Aya: Thanks so much, Arthur. Great to be here. Hi everyone. My name is Aya Silva. I’m an Associate Director with the Southeast Asia team of IDinsight, based in the Philippines. I’m from the Philippines and have been working with IDinsight for about four years. So the partnership that I was involved in was with the Philippine Department of Health. We started working with them in early 2021 related to COVID vaccines, especially as the vaccine became more available. We worked closely with a health promotion bureau to improve vaccine demand and uptake. For me, one of the biggest successes I would say in that partnership was building the capacity of our counterparts in government. So we worked with young, very committed, dedicated and smart partners. A lot of them were medical doctors by training, so very competent, but there were some gaps in doing action-oriented research in particular and translating evidence to policy. Although that is somewhat intangible as a success measure, throughout our engagement, I felt that we were able to contribute to building that capacity for evidence-informed decision-making.

Of course, a lot of this is a credit to them themselves, but we were able to strengthen their capacities on some of the skills that we have that we could be able to impart to them with things like designing good survey methodologies, crafting good instruments, so forth, and, then really be able to absorb that and apply that to their work.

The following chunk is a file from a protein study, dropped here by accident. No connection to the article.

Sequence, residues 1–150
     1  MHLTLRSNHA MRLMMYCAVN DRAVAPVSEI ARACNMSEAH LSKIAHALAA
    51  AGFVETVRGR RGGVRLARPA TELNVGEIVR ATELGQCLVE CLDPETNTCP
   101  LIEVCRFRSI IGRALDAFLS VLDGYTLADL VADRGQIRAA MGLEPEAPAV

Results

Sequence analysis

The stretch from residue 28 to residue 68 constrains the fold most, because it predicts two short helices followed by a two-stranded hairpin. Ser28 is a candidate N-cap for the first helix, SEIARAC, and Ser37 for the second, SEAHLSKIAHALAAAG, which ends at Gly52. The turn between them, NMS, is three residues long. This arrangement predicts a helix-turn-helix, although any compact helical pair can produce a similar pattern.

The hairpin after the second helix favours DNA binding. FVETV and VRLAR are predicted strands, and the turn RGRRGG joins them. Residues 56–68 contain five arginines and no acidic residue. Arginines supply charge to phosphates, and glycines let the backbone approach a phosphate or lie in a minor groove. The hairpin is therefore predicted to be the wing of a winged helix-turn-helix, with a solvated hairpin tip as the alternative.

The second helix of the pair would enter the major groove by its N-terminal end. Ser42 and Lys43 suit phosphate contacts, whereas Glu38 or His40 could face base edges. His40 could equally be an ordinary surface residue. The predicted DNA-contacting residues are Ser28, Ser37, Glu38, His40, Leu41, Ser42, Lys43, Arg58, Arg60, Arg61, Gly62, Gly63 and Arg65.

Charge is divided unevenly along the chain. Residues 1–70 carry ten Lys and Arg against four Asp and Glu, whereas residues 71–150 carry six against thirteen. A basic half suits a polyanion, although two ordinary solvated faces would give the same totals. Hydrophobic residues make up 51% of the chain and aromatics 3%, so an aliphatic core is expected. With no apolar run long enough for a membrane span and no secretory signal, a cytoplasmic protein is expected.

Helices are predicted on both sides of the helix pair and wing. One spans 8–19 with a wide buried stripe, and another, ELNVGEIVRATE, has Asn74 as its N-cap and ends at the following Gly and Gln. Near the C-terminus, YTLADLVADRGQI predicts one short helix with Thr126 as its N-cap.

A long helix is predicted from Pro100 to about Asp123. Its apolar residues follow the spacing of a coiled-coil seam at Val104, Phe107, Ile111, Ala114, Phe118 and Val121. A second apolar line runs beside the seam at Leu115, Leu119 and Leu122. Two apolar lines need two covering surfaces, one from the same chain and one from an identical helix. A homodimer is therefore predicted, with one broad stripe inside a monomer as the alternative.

T. Arthur: Thank you so much, Aya. Over to you, Alexandra, could you also please introduce yourself and share with us what you have done with governments, but also what you would term as a success working with government partners.

Alexandra: Thank you, T. Arthur. I’m Alexandra Balafrej. I’m the Country Director at IDinsight in Morocco. I’m based in Rabat, where we’ve been working since 2019, and we established a permanent office last year. So it’s interesting because the success that I’d like to share is, in a way, quite similar to the one that Aya just shared. As part of the large Learning Partnership we have with the Government of Morocco, and through the work and support we provided our counterparts, they became increasingly convinced that they had to have more internal resources – qualified resources – to deal with data and evidence and that they had to create or reinforce M&E departments and hire more people to conduct or supervise studies and research that will inform policy decisions. And we work now with government counterparts that have more people internally that can support decision-makers at the highest level and help them make policy decisions based on evidence. So this is really a sign to us that our work, our advocacy work, is having a sustainable impact on the government organizations we work with. And as Aya said, it’s their achievement, but in a way, we pushed them to be able to do that and to have the capacity to do that. And we operate in a Francophone context where stakeholders tend to be a bit less familiar with evidence-based policy, so we really saw that with my teammates as a key success of this Learning Partnership. Over to you, T. Arthur.